A flexible, stretchable fabric-based light-emitting-diode (LED) display is built into a comfortable fabric by Imec and partners.
Sourced through Scoop.it from: www.eetimes.com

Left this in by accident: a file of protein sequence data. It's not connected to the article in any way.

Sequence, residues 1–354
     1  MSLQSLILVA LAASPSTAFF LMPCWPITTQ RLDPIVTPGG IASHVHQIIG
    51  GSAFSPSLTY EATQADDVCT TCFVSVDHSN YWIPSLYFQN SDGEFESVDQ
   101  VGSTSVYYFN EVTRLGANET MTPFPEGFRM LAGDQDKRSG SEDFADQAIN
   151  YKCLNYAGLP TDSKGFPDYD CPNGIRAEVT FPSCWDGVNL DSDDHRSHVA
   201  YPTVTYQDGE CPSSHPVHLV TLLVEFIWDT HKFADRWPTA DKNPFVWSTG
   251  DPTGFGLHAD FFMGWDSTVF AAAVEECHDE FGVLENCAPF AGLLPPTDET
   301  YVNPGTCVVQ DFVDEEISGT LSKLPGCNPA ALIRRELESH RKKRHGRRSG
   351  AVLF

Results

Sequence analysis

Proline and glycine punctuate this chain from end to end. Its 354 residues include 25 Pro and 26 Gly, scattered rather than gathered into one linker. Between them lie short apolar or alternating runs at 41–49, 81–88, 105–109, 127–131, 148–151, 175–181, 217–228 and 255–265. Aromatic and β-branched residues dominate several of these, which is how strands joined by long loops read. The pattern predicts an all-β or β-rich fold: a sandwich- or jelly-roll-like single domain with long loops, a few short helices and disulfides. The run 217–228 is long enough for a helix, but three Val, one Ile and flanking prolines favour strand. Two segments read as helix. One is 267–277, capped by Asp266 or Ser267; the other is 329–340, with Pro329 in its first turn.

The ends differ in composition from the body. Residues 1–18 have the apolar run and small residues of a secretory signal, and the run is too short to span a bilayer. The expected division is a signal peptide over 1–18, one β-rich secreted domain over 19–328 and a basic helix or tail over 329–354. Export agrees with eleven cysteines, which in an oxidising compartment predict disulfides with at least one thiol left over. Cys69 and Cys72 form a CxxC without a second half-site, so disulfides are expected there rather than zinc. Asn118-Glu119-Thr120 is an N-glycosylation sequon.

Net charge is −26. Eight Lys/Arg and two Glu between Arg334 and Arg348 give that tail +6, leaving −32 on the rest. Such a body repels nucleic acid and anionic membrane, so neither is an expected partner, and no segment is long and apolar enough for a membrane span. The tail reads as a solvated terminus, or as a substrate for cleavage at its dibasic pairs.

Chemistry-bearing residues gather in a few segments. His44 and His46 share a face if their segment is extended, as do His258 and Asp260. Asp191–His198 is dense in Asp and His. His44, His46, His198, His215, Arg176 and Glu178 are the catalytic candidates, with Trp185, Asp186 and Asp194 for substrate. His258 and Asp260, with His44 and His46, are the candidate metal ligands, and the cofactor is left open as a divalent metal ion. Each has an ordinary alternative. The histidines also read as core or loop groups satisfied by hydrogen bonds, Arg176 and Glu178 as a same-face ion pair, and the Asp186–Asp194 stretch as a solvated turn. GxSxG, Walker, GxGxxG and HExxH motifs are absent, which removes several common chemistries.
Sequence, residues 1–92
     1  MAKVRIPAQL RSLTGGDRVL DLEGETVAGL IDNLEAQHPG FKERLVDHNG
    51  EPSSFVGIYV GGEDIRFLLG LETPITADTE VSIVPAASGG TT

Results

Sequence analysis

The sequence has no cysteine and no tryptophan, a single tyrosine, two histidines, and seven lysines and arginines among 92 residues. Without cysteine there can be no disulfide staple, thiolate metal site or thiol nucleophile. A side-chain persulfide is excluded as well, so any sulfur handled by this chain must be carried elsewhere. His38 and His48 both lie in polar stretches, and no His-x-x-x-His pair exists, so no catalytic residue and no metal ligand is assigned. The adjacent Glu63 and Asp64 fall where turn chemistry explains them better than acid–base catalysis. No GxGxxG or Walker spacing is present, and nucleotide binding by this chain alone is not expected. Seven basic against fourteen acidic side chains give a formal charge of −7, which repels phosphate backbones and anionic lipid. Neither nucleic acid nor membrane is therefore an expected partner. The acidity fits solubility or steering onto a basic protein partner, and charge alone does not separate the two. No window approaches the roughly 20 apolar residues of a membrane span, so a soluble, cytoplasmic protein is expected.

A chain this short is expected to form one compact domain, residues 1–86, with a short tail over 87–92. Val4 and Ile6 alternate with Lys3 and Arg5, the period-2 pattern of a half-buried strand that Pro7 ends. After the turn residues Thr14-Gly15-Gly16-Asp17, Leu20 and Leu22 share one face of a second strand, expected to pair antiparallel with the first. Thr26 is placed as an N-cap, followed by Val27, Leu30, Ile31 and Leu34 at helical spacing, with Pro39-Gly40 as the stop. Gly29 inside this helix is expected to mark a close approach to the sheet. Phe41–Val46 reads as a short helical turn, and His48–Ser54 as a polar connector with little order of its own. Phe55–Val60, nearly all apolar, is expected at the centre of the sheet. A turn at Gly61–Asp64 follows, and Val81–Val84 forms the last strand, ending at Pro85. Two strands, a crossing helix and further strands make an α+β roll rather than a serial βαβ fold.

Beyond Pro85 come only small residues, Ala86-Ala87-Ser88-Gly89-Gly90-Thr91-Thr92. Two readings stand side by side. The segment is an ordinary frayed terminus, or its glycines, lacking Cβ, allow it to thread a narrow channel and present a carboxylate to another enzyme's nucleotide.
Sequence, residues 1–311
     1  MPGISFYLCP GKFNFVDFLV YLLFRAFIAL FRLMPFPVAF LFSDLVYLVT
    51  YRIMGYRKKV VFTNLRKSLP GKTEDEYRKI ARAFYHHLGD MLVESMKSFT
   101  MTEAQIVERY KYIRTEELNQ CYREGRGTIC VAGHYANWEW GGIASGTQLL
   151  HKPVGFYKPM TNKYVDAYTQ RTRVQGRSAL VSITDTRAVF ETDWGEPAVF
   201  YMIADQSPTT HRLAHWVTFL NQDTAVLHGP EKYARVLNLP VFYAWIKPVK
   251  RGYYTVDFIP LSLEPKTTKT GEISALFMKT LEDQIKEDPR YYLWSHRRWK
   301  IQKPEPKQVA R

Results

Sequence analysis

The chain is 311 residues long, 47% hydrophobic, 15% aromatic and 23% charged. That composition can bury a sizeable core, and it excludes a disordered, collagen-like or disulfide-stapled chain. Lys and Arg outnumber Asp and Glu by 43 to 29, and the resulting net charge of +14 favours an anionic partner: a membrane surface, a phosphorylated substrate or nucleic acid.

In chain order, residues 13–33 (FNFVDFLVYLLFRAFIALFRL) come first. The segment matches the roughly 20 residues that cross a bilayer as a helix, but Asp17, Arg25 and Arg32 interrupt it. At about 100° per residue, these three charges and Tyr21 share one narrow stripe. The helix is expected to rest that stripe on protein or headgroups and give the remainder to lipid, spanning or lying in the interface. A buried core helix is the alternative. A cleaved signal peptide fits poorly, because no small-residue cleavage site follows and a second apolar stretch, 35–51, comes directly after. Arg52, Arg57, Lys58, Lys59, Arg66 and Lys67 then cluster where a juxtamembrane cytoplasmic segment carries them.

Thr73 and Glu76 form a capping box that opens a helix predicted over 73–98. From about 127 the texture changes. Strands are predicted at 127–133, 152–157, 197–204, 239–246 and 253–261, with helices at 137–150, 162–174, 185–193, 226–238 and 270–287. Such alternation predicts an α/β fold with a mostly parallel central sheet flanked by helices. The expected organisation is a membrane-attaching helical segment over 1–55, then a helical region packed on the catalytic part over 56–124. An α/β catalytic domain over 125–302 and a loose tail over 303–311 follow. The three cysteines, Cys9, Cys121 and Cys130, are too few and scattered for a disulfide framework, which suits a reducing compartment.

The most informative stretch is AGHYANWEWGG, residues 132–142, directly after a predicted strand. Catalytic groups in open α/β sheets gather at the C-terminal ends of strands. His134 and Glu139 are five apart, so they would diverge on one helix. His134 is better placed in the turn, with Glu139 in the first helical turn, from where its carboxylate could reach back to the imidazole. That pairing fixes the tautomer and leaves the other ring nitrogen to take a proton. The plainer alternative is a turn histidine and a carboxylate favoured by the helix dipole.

As seen in the photo, the flexible fabric is both stretchable and conformable to the body of the wearer. Laminated into the fabric are thin-film transistor (TFT) driven light emitting diodes (LEDs) on a tough polyamide substrate encapsulated into soft rubber. The fabric is both comfortable to wear, as well as washable using normal machines set, no doubt, on delicate (although no commercial clothing has yet to be made from the prototype material). Since the research centers cooperative activities include potable medical devices, the fabric could be linked to sensors to accurately read-out health parameters that vary over the body of the wearer, such as temperature, oxygen levels, circulation, activity levels and more, providing real-time feedback—for the users themselves or for healthcare providers, according to Imec. The collaborators hope to make the process inexpensive enough to build into everyday fabrics used in many if not all of our clothing, so that the user does not have to remember to wear his activity- or health-monitor, because they will already be built into their clothing. Fashion designers will, of course, try to make use of the color changing ability to enhance the appearance of the user. However, Imec and its collaborators want to make the fabric’s active devices as unobtrusive and comfortable as possible so that people will be more inclined to wear them everyday, hence improving the long-term quality of the big-data being collected. Imec and its collaborators are also trying to make the display integrated into the fabric interactive—like touchscreens—so their functions can be changed without separate control apparatuses.